“The melancholy days are come, the saddest of the year.”[i]
So the poet wrote. But if the poet had been around Milton during the past few weeks, he would have changed his mind Hattie been in viewed with any spirit of his status is some, were sensuous feeling. The best A’s have been anything but melancholy; they have been inspiring. The scenery is gray and that this time and its beauty beyond description. The leaves of the dogwood are changing their summer dress and green into car might; those of the hickory are putting on their golden hue, poplars sap from shade attracts the eye. The maples and shrubbery of along the water courses, and branches, are pretty in their variegated shins of color, while the shade trees of the town yet hold on tenaciously to their hot weather garb. A few frosts are needed to draw out in full relief the grandeur of autumnal beauty. A few weeks, or perhaps days hence, and the kaleidoscope will be ever changing; and the nature scenery in and around town will be like some rich maiden dressing herself perfunctorily many times a day, or whenever a freak or fancy crosses her mind. It is said, and truly, “God made the country, man made the town.” And who would not rather live in the country, than stay in the city? The country life is beautiful at all seasons, and particularly in the autumn. Nature’s faces are ever changing, and there will be but a short time when we shall realize with the poet, that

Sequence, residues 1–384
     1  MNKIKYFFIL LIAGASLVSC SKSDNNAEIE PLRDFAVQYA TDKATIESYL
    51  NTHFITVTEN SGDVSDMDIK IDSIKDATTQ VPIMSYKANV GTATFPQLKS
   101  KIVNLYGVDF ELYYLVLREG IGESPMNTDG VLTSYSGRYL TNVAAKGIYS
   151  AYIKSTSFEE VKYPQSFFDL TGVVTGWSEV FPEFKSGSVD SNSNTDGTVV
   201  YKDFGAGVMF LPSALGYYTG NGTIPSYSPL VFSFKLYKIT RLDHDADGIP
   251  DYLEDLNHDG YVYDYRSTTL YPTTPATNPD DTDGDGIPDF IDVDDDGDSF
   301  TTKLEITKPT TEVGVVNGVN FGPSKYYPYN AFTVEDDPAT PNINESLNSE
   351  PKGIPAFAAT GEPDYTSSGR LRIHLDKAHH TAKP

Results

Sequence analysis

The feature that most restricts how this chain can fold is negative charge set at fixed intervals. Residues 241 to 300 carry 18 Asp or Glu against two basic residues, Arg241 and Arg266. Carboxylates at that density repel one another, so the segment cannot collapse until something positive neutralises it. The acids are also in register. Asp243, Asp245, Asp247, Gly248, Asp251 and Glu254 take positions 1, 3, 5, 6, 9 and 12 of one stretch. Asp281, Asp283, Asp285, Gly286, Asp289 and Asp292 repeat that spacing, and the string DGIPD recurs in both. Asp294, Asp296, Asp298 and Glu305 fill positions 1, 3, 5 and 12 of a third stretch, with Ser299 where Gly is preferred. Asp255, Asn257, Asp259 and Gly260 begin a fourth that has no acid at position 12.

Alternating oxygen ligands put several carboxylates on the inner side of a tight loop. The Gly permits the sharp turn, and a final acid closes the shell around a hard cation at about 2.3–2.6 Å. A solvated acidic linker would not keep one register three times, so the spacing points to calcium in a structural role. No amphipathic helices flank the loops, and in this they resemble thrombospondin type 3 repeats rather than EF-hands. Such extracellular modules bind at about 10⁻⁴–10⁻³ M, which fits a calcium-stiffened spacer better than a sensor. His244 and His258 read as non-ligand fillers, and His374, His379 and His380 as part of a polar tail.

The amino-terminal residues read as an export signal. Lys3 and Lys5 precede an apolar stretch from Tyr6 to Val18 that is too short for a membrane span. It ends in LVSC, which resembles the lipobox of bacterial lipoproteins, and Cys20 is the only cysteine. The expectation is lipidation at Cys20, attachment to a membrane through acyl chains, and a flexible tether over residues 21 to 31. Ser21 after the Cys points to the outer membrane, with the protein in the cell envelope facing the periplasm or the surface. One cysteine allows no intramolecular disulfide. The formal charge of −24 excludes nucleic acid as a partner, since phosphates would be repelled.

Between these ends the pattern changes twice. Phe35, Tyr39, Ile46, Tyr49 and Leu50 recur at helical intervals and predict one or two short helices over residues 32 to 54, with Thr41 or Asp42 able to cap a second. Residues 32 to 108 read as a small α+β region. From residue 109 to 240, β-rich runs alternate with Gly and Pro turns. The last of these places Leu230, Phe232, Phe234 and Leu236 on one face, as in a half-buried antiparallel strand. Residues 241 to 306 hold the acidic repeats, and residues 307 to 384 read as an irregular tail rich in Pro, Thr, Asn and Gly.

“The melancholy days are come.”
Miss Susie B. Davidson, after spending two months with her brother and sisters, returned to Philadelphia last week.
Rev. C. A. Behringer has removed into the W. A. Hazzard property on Union Street, north, and gone to keeping “bachelor’s hall.”
Nathaniel H. Welch died suddenly at his home in Lincoln on Friday, aged 74 years, seven months and 28 days. Funeral services were held at his late residence on Sunday afternoon, and interment made in Lincoln cemetery by S. J. .Wilson & son.
J. Coard Hazzard has enlarged the dining room to his property on Federal Street, in tenure of James Jester, by building a small addition in front of the annex.
At the commencement of the New Year Dr. Joseph McFerran, of Philadelphia, will return to Milton, and occupy the property now in tenure of Harry Robinson. This is the property that Dr. McFerran occupied many years ago, when he first commenced a practice of medicine. There are times when business changes can cause men to settle elsewhere than their native home; there are other times when the heart’s desire eventuates to its “native heath.”
The town supervisor was again engaged last week in hauling dirt off the streets; and from one street where dirt ought to be hauled on. This is done, ostensibly, to clean the gutters but there’s a great deal more dirt and filth taken from the streets by this perfunctory clearing.
The Poles, who have been working in the cannery at Harbeson, were brought to Milton station on Thursday and shipped to Baltimore on the afternoon train. There were forty-four grown people and any quantity of children; from the nursing babe to the bouncing red haired maiden. Harbeson Cannery will continue operation the present week, and as long as they can get tomatoes–operating with local help.